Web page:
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Peter Gabriel - Up (2002)
Cover Front Album
Artist/Composer Peter Gabriel
Length 66:42
Format CD
Genre General Rock; Progressive Rock
Label Geffen
Index 294
Collection Status In Collection
Packaging Jewel Case
Track List
01 Darkness 06:51
02 Growing Up 07:33
03 Sky Blue 06:37
04 No Way Out 07:53
05 I Grieve 07:24
06 The Barry Williams Show 07:16
07 My Head Sounds Like That 06:29
08 More Than This 06:02
09 Signal To Noise 07:36
10 The Drop 03:01
Personal
Rating 70%
Details
Spars DDD
Rare No
Sound Stereo
UPC 606949338824
Notes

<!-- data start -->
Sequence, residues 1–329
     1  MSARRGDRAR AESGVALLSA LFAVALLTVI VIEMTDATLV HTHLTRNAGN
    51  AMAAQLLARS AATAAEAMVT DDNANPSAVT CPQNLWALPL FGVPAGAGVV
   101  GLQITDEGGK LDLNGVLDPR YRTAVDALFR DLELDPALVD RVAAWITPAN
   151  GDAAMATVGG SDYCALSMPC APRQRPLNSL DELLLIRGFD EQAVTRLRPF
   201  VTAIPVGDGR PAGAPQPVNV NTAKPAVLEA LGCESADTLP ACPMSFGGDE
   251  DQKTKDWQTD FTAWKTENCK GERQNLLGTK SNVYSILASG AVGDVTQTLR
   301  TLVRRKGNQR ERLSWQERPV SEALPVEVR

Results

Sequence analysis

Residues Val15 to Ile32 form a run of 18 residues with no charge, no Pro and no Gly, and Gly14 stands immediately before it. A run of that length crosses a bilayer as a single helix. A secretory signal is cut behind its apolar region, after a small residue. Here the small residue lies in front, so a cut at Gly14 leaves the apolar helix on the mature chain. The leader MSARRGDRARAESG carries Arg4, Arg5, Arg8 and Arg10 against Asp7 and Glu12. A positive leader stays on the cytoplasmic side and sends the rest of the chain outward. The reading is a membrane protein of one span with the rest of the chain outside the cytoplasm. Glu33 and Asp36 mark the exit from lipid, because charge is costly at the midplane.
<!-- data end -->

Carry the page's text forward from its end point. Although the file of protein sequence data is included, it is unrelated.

Welcome Back Peter, We missed you! Date of US Release September 24, 2002 Ten years is a long time, especially in pop music, but waiting ten years to deliver an album is a clear sign that you're not all that interested in the pop game anyway. Such is the case with Peter Gabriel, who delivered Up in 2002, a decade after Us and four years after he announced its title (in the same year that R.E.M. delivered their own Up and, as fate would have it, Shania Twain delivered her long-awaited follow-up to Come on Over a mere two months after Gabriel's Up, calling her record Up! - who says great minds don't think alike!). Perhaps appropriately, Up sounds like an album that was ten years in the making, revealing not just its pleasures but its intent very, very slowly. This is not an accessible record, nor is it easy to warm up to, which means that many may dismiss it upon a single listen or two, never giving it the time it demands in order to be understood (it does not help matters that the one attempt at a single is the ham-fisted, wrong-headed trash-TV "satire" "The Barry Williams Show," which feels utterly forced and out of place here, as if Geffen was pleading for anything resembling a single to add to the album). Really, there is no other choice for an artist as somber and ambitious as Gabriel to craft an album as dense as Up; those who have waited diligently for ten years would be disappointed with anything less and, frankly, they're the only audience that matters after a decade. And they're not likely to be disappointed, since this album grows stronger, revealing more with each listen. Initially, it seems to simply carry on the calmer, darker recesses of Us, but this is an uncompromising affair, which is to its advantage, since Gabriel delves deeper into darkness, grief, and meditation. It may take a while for him to emerge from the darkness - there is little of the comfort of a "Come Talk to Me" or "Blood of Eden," which are immediately soothing on Us - but there are glimmers of hope throughout the album, even in its darkest moments. Again, it takes awhile to sort all this out - to unlock the form of the songs, then their meanings - and it's such a somber, hushed, insular affair that some dedicated listeners may not bother to spin it the appropriate number of times. But those serious fans who want to spend time with this will find that it does pay back many rewards.